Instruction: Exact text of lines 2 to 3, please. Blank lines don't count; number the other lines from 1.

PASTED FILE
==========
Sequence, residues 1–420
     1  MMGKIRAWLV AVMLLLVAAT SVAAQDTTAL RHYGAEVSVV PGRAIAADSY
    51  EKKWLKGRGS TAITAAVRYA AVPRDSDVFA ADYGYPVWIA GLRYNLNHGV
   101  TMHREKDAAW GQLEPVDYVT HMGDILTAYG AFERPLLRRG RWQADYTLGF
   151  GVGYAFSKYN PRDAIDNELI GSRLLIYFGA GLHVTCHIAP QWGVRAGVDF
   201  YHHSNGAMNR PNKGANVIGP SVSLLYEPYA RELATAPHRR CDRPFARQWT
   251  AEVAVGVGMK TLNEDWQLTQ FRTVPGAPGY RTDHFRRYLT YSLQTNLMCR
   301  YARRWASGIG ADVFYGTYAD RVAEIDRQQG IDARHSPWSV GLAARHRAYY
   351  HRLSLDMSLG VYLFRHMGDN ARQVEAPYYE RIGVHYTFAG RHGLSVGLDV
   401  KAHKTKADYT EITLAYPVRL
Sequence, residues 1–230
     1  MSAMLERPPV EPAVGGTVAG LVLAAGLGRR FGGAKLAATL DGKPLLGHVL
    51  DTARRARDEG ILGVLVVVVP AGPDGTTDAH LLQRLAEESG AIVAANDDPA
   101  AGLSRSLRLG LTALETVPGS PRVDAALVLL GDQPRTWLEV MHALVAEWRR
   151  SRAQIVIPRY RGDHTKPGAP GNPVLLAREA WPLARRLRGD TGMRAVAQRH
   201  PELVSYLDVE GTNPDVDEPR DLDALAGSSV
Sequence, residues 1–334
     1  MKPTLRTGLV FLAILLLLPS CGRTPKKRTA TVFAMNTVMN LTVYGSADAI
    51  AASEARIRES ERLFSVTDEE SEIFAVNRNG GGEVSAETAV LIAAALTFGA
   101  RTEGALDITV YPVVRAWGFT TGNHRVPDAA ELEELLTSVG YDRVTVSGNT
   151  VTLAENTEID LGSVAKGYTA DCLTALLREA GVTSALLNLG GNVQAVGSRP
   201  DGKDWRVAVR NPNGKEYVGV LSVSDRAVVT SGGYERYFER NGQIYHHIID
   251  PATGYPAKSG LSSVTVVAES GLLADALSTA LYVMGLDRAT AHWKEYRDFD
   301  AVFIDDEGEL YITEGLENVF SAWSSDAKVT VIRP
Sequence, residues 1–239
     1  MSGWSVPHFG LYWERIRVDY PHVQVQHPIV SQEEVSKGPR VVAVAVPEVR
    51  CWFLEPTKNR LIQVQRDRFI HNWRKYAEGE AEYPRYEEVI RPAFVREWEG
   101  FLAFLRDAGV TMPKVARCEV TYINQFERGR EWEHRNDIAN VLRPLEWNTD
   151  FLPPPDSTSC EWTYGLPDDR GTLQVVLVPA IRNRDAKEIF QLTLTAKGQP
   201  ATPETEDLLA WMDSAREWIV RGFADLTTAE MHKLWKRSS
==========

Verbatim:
     1  MMGKIRAWLV AVMLLLVAAT SVAAQDTTAL RHYGAEVSVV PGRAIAADSY
    51  EKKWLKGRGS TAITAAVRYA AVPRDSDVFA ADYGYPVWIA GLRYNLNHGV